Non-violent Resistance and the Strive for Democracy
The Frankfurt Gandhi Talks on 5th October discuss the concept of non-violent resistance during the "Arab Spring" and other pro-democracy movements world-wide.
Gandhi’s teachings, especially his concept of non-violent resistance, have received renewed attention during recent uprisings, notably in the Arab world.
The Frankfurt Gandhi Talks 2011 focus on what influence his teachings had on peaceful revolutions and what perspectives the concept of non-violent resistance can offer to movements striving for democracy and human rights world-wide. We are welcoming activists from Egypt and Serbia, who have experienced peaceful revolutions, which in turn are more closely interwoven than commonly known. Otpor! (resistance), the Serbian civic youth movement, adapted the concept of non-violent resistance and became instrumental in dethroning the auto-cratic leader Slobodan Milošević in 2000. Egyptian activists, again, were actively supported and trained in applying this method by members of Otpor!.
Wednesday, 5th October 2011
Doors: 6.30 p.m., Start: 7 p.m.
The language of the discussion is English.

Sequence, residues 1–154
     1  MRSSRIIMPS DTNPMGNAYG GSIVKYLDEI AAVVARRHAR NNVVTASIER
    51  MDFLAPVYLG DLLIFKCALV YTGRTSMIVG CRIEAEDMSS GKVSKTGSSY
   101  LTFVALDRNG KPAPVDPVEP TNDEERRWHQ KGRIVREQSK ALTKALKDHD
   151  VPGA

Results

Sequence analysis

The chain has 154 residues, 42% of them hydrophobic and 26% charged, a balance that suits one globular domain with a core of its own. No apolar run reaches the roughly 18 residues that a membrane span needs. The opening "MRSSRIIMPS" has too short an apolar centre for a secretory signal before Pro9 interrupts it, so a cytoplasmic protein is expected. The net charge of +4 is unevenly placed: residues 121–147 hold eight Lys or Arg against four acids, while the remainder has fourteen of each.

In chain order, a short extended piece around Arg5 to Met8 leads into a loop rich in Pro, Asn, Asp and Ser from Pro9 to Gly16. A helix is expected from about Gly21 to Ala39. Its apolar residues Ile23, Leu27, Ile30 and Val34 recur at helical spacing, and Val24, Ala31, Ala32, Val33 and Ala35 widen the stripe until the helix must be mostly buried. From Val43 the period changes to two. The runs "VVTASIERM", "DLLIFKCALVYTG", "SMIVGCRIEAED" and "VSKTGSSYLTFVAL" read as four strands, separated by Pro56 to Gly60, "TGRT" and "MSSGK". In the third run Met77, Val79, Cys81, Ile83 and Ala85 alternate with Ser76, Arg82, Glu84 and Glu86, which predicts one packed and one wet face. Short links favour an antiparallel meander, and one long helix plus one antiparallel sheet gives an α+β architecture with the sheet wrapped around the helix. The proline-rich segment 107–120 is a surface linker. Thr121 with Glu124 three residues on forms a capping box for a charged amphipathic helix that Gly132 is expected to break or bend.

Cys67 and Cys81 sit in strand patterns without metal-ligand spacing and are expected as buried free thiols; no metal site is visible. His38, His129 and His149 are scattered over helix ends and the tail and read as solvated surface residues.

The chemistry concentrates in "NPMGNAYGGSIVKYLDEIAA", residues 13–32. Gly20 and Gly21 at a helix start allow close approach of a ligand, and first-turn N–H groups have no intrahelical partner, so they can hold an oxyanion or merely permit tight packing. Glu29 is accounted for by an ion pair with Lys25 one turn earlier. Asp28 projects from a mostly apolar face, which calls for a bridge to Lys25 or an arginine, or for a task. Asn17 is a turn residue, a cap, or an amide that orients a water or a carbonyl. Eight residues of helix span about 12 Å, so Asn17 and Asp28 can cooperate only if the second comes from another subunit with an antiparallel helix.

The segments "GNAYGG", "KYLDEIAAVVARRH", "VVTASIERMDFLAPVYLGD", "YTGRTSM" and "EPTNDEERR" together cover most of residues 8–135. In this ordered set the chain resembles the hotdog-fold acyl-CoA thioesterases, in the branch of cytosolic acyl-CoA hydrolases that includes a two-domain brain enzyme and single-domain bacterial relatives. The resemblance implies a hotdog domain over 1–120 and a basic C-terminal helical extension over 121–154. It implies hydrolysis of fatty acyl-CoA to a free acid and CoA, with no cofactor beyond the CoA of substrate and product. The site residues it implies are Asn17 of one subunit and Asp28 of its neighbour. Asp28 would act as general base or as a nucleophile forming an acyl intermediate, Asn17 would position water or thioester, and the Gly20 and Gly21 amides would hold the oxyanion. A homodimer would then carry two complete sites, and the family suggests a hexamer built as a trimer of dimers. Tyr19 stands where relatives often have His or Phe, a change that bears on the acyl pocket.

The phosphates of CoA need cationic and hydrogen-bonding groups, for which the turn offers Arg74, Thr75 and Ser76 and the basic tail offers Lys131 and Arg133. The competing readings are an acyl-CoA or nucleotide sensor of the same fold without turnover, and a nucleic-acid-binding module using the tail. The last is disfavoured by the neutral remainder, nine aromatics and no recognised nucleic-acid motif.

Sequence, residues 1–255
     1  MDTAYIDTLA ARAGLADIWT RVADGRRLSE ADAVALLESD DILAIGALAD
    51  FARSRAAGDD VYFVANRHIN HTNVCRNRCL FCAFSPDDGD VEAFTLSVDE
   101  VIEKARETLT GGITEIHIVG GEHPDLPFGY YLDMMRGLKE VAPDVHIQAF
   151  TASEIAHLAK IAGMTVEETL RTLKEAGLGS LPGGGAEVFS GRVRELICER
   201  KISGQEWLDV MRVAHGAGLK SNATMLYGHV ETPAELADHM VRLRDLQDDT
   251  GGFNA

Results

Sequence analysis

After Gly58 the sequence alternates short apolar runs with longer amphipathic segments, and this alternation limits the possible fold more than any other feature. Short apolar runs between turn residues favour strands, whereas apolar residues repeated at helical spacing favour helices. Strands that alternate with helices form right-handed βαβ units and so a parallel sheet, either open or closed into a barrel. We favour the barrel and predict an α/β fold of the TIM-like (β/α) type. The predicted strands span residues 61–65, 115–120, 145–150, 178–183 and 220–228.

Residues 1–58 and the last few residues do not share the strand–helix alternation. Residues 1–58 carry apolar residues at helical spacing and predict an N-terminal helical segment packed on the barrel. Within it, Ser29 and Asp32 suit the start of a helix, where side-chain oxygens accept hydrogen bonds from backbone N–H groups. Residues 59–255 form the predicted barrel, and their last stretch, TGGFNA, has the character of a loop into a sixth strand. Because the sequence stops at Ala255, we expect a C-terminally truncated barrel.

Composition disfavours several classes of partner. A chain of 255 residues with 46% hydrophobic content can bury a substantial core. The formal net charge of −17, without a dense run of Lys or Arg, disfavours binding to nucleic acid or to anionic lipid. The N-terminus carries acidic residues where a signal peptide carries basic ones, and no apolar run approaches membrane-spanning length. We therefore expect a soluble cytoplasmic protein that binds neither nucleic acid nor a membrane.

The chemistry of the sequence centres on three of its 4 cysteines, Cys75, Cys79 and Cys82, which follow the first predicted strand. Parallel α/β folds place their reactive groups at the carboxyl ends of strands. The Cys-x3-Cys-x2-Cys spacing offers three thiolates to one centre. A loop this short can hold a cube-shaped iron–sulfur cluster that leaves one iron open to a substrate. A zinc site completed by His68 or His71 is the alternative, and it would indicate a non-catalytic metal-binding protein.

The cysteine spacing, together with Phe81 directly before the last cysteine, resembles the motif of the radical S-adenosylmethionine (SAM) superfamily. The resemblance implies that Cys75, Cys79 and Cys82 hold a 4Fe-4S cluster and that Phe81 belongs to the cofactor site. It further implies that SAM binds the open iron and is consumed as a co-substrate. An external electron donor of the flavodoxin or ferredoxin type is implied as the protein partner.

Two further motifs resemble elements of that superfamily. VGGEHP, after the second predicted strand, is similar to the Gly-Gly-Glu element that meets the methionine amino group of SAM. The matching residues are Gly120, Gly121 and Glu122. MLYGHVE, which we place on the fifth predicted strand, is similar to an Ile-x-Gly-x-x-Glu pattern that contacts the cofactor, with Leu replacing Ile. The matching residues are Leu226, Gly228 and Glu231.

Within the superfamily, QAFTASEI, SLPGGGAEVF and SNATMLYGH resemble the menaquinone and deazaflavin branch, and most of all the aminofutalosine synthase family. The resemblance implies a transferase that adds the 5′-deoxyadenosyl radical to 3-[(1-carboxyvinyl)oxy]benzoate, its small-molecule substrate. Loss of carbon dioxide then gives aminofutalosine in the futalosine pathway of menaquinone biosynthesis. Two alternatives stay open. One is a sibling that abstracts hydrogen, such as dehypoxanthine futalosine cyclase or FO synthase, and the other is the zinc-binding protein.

Peace Research Institute Frankfurt
(Hessische Stiftung Friedens- und Konfliktforschung)
Konferenzsaal, 4th floor
Baseler Straße 27-31
60329 Frankfurt a.M.
Welcome and Opening
Prof. Dr. Harald Müller
Executive Director, Peace Research Institute Frankfurt
Dr. Jona A. Dohrmann
Chairman, Indo-German Cooperation Frankfurt
Ivan Marovic, co-founder of Otpor!, Belgrade, Serbia
Ahmed Salah, activist, Cairo, Egypt
Dr Larbi Sadiki, expert on democratisation in the Arab Middle East, University of Exeter, UK
Dr Thorsten Gromes, expert on peace building and inner-societal conflicts, Peace Research Institute Frankfurt
Prof. Cherian Kurian, Madras Christian College, Chennai, India
The Frankfurt Gandhi Talks 2011 are organised by the Peace Research Institute Frankfurt together with the Indo-German Cooperation (Frankfurt) and the GandhiServe Foundation (Berlin). Since 2009, renowned speakers from academia and cultural institutions have annually come together to discuss Gandhi’s ideas and their impact on today’s globalised world.